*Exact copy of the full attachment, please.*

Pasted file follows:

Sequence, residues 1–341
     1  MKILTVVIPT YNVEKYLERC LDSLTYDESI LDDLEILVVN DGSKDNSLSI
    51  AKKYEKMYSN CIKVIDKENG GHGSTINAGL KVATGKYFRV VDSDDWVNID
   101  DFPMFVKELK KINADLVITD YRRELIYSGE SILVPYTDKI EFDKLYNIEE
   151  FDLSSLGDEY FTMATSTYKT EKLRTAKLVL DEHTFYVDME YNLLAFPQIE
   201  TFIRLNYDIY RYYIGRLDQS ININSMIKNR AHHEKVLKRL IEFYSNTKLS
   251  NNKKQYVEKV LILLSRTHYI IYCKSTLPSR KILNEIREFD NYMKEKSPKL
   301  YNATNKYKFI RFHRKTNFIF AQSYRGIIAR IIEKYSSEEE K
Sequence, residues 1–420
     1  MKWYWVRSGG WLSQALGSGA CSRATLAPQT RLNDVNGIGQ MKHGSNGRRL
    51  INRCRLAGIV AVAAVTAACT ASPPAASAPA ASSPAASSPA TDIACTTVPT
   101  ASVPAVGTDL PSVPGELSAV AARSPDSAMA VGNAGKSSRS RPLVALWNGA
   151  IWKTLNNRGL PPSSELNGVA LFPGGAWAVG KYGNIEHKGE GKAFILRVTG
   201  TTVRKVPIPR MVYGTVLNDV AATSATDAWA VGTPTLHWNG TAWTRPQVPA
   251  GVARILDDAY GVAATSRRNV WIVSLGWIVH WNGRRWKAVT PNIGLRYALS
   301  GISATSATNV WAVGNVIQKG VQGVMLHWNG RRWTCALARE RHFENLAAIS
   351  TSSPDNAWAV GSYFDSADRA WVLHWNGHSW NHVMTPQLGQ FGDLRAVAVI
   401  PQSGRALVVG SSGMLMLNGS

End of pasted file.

Sequence, residues 1–341
     1  MKILTVVIPT YNVEKYLERC LDSLTYDESI LDDLEILVVN DGSKDNSLSI
    51  AKKYEKMYSN CIKVIDKENG GHGSTINAGL KVATGKYFRV VDSDDWVNID
   101  DFPMFVKELK KINADLVITD YRRELIYSGE SILVPYTDKI EFDKLYNIEE
   151  FDLSSLGDEY FTMATSTYKT EKLRTAKLVL DEHTFYVDME YNLLAFPQIE
   201  TFIRLNYDIY RYYIGRLDQS ININSMIKNR AHHEKVLKRL IEFYSNTKLS
   251  NNKKQYVEKV LILLSRTHYI IYCKSTLPSR KILNEIREFD NYMKEKSPKL
   301  YNATNKYKFI RFHRKTNFIF AQSYRGIIAR IIEKYSSEEE K
Sequence, residues 1–420
     1  MKWYWVRSGG WLSQALGSGA CSRATLAPQT RLNDVNGIGQ MKHGSNGRRL
    51  INRCRLAGIV AVAAVTAACT ASPPAASAPA ASSPAASSPA TDIACTTVPT
   101  ASVPAVGTDL PSVPGELSAV AARSPDSAMA VGNAGKSSRS RPLVALWNGA
   151  IWKTLNNRGL PPSSELNGVA LFPGGAWAVG KYGNIEHKGE GKAFILRVTG
   201  TTVRKVPIPR MVYGTVLNDV AATSATDAWA VGTPTLHWNG TAWTRPQVPA
   251  GVARILDDAY GVAATSRRNV WIVSLGWIVH WNGRRWKAVT PNIGLRYALS
   301  GISATSATNV WAVGNVIQKG VQGVMLHWNG RRWTCALARE RHFENLAAIS
   351  TSSPDNAWAV GSYFDSADRA WVLHWNGHSW NHVMTPQLGQ FGDLRAVAVI
   401  PQSGRALVVG SSGMLMLNGS